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Hello Fools: My broker called me today to mention data that he was receiving from several technical analysts. Their thinking was that the market may move up next six weeks to two months but after that they were expecting a fairly serious correction in the market, say 5 - 10%.

I believe they felt the S&P 500 would peak at around 1220 but would fall to around 1120 by the end of 2005. Has anyone heard anything similar or does anyone have a similar opinion of where the market is heading?

Fletch52
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No. of Recommendations: 10
>> Hello Fools: My broker called me today to mention data that he was receiving from several technical analysts. Their thinking was that the market may move up next six weeks to two months but after that they were expecting a fairly serious correction in the market, say 5 - 10%. <<

Ask them when they last calibrated their crystal ball.

Seriously, though -- where do they get this stuff? Keep in mind that many brokers and "analysts" wanted their clients to "buy, buy, buy" in early 2000 and "sell, sell, sell" in late 2002.

While I'm a long-term indexer and asset allocator, I do believe it's possible to be a successful stock picker with a valuation-based discipline and a LOT of diligence. I personally don't believe ANYONE can regularly be successful (over decades) by buying and selling based on the broad market. I suppose one can use valuation models for the market overall, but there are too many wild-cards in that for me to be comfortable with it.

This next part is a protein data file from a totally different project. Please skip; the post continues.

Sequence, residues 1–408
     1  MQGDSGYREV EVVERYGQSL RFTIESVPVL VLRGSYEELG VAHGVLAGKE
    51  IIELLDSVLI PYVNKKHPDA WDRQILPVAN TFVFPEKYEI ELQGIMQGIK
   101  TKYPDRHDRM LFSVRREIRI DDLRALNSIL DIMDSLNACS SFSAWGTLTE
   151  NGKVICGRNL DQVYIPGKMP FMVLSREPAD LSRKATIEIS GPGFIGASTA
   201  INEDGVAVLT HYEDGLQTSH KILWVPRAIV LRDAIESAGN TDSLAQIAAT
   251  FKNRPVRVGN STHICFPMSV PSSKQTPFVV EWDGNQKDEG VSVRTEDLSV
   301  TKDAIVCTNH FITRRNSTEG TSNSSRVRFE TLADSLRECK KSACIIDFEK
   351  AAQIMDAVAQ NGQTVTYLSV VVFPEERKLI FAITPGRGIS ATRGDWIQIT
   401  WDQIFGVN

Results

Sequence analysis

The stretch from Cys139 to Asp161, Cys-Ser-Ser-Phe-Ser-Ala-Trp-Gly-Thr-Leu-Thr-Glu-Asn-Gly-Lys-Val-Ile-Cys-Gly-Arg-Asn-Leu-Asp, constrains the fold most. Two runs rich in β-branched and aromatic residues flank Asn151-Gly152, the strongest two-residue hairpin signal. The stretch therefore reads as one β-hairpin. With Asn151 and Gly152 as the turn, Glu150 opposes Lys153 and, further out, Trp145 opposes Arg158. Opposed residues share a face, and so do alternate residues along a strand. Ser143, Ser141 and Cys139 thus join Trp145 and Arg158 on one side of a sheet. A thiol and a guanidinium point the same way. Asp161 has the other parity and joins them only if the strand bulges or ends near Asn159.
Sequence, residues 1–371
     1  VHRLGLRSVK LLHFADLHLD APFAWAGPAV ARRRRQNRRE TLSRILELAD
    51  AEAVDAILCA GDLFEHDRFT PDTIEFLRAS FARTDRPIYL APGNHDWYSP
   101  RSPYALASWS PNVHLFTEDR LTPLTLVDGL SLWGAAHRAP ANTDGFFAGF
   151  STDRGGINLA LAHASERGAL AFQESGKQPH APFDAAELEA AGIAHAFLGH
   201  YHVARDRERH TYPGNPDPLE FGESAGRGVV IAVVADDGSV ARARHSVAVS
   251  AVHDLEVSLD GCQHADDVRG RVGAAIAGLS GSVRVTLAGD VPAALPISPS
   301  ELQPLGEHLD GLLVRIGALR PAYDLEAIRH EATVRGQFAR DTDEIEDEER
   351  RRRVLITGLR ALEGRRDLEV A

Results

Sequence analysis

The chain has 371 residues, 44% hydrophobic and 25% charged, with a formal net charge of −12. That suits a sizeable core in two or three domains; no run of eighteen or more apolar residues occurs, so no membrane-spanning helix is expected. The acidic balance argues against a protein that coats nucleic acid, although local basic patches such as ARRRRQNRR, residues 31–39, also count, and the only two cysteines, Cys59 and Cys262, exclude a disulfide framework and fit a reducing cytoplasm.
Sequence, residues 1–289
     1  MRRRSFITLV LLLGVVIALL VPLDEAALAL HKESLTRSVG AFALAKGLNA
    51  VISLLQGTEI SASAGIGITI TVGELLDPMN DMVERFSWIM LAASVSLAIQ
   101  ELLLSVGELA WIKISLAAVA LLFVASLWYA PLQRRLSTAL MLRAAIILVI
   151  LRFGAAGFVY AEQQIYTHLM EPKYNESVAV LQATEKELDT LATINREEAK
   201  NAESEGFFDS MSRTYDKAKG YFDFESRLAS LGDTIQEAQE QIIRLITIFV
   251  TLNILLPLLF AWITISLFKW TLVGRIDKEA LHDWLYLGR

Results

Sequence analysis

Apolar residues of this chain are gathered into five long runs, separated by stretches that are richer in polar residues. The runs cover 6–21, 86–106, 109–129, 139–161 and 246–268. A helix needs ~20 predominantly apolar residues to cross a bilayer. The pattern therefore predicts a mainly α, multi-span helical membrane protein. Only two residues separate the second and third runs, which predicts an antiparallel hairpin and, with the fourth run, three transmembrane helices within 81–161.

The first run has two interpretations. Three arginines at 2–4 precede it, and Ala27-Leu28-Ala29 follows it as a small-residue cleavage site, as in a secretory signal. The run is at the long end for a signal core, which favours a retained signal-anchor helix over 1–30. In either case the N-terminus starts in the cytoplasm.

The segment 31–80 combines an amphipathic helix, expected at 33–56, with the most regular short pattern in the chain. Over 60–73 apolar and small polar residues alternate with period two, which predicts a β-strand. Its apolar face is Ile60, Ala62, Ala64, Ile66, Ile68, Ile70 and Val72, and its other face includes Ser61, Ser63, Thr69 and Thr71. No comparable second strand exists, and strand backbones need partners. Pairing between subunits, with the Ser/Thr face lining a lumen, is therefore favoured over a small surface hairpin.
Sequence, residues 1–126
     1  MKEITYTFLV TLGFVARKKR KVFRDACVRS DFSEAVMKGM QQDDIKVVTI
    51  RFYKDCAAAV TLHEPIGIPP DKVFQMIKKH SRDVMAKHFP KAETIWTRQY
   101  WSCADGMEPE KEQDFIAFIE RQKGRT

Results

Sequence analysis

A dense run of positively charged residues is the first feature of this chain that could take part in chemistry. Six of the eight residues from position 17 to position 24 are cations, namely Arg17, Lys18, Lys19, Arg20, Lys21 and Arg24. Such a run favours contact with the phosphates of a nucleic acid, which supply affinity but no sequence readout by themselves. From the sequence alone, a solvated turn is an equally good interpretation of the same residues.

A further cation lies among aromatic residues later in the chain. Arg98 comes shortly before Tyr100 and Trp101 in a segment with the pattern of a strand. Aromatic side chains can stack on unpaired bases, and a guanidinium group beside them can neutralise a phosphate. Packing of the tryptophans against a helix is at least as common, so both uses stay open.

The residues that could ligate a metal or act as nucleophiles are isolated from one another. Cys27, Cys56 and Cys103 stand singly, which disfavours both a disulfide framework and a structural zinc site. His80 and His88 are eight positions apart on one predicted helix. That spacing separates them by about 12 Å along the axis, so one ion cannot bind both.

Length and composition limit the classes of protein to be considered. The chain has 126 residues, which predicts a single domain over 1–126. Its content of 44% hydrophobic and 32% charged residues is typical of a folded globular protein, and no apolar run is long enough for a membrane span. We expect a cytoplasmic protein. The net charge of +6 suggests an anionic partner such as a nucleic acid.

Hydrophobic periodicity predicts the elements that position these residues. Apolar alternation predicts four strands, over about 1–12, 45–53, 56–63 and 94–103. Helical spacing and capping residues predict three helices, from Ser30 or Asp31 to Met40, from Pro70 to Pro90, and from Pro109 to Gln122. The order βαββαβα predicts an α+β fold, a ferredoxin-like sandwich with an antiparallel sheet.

#29
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"I personally don't believe ANYONE can regularly be successful (over decades) by buying and selling based on the broad market."

Traders use the general market to get a feel for which side to enter a trade. Day traders use broad market charts to determine which way a market is heading for their trading period and yes they do make money doing this.

COlossaL
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In general, technical analysis is about what is happening now. No decent technician makes long-term predictions of the sort you mention.

The exception is the Elliot Wave guys, but that stuff is the most unreliable guide I have ever seen.

At this point we are in an uptrend. That will change because it always does, but nobody can know when.

Just ride the wave as long as it is a wave.
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Fletch52 writes,

Hello Fools: My broker called me today to mention data that he was receiving from several technical analysts. Their thinking was that the market may move up next six weeks to two months but after that they were expecting a fairly serious correction in the market, say 5 - 10%.

I believe they felt the S&P 500 would peak at around 1220 but would fall to around 1120 by the end of 2005. Has anyone heard anything similar or does anyone have a similar opinion of where the market is heading?


Sounds like your broker is trying to churn your portfolio and drum up a few commissions to fund his Summer vacation.

intercst